‘Couldn’t you just bribe the guards or climb over the wall?’
I looked blank. This wasn’t the first time I’d heard something like this, but it still didn’t make sense. What was so disturbing about spending a month inside a Buddhist monastery on a hilltop in Nepal, cut off from the outside world and meditating for hours each day? But as soon as I mentioned there’d be no internet or phone-calls, my friends rapidly began plotting my escape back to the world of connectivity, fearful, perhaps, of what that much time spent in my own company and away from the IV-line of news and social media could do to a person.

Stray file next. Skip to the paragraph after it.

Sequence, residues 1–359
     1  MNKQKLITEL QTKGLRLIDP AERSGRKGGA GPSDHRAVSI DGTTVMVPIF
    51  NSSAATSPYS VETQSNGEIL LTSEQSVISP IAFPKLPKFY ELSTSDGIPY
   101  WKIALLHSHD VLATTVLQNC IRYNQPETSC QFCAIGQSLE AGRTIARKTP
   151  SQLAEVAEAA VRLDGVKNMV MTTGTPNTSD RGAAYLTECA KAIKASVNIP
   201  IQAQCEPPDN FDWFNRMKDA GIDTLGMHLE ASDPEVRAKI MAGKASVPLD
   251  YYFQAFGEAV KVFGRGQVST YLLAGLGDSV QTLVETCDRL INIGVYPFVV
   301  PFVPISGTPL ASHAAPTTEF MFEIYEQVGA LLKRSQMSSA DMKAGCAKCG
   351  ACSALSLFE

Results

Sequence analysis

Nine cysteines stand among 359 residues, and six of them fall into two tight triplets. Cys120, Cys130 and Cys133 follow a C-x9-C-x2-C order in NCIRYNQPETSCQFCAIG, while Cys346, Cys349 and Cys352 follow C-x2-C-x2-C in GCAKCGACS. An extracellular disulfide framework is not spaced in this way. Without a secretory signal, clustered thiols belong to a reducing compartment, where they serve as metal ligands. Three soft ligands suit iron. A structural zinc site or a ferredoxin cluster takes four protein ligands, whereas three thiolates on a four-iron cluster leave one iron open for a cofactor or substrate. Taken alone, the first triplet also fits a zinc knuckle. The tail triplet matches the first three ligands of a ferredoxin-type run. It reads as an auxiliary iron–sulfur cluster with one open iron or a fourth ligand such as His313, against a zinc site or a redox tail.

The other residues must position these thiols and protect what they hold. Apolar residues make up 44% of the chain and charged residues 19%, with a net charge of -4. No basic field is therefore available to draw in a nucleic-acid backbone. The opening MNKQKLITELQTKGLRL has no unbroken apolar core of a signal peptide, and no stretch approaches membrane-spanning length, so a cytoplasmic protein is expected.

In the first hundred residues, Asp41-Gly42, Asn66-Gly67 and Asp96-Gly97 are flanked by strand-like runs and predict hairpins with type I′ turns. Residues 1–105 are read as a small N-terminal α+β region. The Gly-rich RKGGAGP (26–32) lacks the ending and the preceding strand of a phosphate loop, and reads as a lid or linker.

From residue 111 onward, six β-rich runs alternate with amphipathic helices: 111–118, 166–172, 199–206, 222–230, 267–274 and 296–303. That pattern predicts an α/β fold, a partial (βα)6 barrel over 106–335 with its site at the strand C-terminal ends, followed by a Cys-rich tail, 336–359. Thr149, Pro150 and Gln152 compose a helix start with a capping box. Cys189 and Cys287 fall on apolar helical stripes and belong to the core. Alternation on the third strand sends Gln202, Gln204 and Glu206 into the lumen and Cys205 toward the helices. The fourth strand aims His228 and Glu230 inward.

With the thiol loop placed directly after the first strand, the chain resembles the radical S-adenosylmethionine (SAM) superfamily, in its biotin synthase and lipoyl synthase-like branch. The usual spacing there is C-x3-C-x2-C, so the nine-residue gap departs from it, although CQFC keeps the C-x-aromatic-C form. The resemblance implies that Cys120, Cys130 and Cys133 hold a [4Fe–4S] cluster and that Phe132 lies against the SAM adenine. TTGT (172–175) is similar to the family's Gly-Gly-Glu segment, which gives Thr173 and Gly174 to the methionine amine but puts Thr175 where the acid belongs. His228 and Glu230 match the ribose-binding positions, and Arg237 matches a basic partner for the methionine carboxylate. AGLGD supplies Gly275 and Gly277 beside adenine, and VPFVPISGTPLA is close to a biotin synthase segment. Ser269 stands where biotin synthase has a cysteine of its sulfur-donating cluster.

But that was the point of going: to step outside of my everyday life and to experience something very different, something focused on understanding where I am, who I am, and what’s actually important to me from the inside out, rather than only through the reflections of myself I see bounced back from outside. Internal reflection is frightening only when you’re afraid of what you’ll see; silence is only troubling when you’re scared of hearing the voices in your head. Then again, if I wasn’t scared as I boarded the plane, it turned out I was pretty naïve.